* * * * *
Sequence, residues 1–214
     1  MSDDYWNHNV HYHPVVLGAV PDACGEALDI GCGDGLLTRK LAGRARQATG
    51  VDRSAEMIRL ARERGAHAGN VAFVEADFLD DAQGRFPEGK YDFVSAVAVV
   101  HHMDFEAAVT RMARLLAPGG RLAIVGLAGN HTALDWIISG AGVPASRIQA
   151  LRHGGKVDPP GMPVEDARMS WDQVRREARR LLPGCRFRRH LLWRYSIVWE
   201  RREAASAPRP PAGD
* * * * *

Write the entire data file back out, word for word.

Sequence, residues 1–214
     1  MSDDYWNHNV HYHPVVLGAV PDACGEALDI GCGDGLLTRK LAGRARQATG
    51  VDRSAEMIRL ARERGAHAGN VAFVEADFLD DAQGRFPEGK YDFVSAVAVV
   101  HHMDFEAAVT RMARLLAPGG RLAIVGLAGN HTALDWIISG AGVPASRIQA
   151  LRHGGKVDPP GMPVEDARMS WDQVRREARR LLPGCRFRRH LLWRYSIVWE
   201  RREAASAPRP PAGD